Once Ni2+ is bound to Ni-SOD, tuning the reduction potential of nickel and forming the active site, superoxide dismutation can occur. Ni-SOD facilitated superoxide dismutation occurs via the catalytic, cyclic mechanism (figure 8) that is driven by the aforementioned redox reactions. The steps of this cycle can be defined as electron transfer steps, indicating the presence of redox reactions, and/or ligand association of dissociation steps, indicating the binding or dissociation, respectively, of the superoxide substrate. Electron transfer in Ni-SOD’s catalytic cycle occurs between the superoxide substrate and the active site Ni, to which it binds. Inner sphere mechanisms refer to mechanisms in which the metal is oxidized or reduced by a ligand bound directly to the metal, while outer sphere mechanisms employ redox reactions more indirectly, that is, via ligands that are not directly bound to the metal center. Therefore, Ni-SOD’s mechanism is considered an inner sphere mechanism.6,7
Figure 8. Cyclic mechanism of Ni-SOD facilitated dismutation of superoxide. Note that the cycle contains 4 steps. Ligand association steps are indicated in green, ligand dissociation steps are indicated in red, and electron transfer steps are indicated in blue. In addition, each of the 4 intermediates of the cycle are also labeled A-D.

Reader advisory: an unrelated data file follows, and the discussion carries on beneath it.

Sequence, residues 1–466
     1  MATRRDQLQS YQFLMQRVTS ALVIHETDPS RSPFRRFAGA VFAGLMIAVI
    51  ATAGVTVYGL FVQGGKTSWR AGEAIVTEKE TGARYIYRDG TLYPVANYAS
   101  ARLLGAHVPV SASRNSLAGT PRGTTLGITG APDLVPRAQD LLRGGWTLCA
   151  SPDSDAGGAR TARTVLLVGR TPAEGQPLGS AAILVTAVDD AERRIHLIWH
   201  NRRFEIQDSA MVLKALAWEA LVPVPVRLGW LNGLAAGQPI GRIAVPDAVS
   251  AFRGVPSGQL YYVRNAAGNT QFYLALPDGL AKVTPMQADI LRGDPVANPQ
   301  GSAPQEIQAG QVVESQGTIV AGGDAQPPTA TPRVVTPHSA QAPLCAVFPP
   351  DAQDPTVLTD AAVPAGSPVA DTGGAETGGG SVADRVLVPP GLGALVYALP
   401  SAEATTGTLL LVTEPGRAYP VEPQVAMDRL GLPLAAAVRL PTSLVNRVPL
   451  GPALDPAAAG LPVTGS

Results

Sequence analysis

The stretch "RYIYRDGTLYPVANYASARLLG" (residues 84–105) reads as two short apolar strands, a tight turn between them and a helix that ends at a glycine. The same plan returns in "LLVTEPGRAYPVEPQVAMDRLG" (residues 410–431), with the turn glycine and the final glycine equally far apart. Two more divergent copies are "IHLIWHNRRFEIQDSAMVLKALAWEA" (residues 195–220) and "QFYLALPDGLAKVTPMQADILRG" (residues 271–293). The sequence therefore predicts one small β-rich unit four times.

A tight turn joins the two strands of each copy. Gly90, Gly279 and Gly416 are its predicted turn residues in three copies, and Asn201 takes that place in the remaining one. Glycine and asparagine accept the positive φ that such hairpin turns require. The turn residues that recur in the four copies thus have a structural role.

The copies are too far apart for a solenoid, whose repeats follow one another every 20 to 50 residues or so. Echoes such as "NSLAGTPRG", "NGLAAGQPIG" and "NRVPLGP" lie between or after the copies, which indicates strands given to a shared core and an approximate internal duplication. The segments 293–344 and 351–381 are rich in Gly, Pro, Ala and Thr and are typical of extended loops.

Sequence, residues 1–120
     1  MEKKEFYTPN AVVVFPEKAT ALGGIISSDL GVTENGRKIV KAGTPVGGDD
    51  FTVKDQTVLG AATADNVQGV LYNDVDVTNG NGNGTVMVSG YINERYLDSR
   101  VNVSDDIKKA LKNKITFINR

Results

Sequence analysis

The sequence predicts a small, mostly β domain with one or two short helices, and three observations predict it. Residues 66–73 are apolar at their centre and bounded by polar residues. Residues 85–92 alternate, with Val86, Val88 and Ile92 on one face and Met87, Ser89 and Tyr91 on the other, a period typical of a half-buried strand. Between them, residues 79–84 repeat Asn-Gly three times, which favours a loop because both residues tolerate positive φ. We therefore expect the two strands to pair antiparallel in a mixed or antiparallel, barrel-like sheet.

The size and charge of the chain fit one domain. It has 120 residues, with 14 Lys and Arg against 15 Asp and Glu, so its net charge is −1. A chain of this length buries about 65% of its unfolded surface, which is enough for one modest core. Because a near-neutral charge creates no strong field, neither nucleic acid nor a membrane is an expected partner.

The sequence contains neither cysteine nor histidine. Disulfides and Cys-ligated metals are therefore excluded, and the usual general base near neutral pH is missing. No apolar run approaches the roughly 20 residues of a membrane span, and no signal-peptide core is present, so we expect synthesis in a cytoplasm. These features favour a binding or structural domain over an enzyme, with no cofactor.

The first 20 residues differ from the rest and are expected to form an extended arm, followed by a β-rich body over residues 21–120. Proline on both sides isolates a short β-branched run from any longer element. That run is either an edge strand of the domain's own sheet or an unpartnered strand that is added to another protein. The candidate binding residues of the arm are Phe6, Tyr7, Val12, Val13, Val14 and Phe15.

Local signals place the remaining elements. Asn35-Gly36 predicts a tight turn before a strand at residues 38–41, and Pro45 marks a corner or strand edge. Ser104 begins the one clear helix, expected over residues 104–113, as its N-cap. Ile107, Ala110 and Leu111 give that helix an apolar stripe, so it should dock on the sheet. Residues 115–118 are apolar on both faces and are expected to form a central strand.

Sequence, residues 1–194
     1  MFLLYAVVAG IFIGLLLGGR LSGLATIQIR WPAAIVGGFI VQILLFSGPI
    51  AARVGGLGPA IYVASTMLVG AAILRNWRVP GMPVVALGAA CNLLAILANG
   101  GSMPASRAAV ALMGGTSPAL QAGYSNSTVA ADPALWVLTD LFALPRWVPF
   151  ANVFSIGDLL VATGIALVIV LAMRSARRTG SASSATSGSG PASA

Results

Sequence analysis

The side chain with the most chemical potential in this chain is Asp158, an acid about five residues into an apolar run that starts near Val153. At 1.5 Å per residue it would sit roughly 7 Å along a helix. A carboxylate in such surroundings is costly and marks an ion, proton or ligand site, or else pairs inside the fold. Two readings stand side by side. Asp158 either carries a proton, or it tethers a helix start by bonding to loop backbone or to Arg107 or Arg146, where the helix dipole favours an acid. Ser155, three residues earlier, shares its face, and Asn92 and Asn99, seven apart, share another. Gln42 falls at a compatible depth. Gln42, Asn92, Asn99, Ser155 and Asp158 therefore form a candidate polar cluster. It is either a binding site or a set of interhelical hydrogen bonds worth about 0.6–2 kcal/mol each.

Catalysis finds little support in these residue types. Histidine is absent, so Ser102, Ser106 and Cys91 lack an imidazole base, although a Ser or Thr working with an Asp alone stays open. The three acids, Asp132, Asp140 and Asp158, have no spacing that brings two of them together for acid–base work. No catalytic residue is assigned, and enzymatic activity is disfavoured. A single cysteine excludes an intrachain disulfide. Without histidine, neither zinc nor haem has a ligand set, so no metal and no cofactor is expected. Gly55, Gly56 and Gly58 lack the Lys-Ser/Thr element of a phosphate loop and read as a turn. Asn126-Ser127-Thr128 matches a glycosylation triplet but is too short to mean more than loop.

As shown in the first step of the Ni-SOD catalytic cycle (figure 8, (1)), an oxygen radical, or superoxide, is introduced and binds to Ni2+ in the active site. In the second step of the cycle (figure 8, (2)), the oxygen radical is then reduced to hydrogen peroxide (H2O2), thus dismutating the superoxide and the nickel ion is simultaneously oxidized from Ni2+ to Ni3+. As was previously discussed, the proposed source of the protons in this step is the Cys-2 residue.2
During this step, in the oxidation from Ni2+ to Ni3+, the metal binding hook undergoes a conformational change (figure 9), in which His-1 is coordinated to bind to Ni3+, resulting in an additional ligand bond between Ni3+ and the imidazole N of His-1.4,6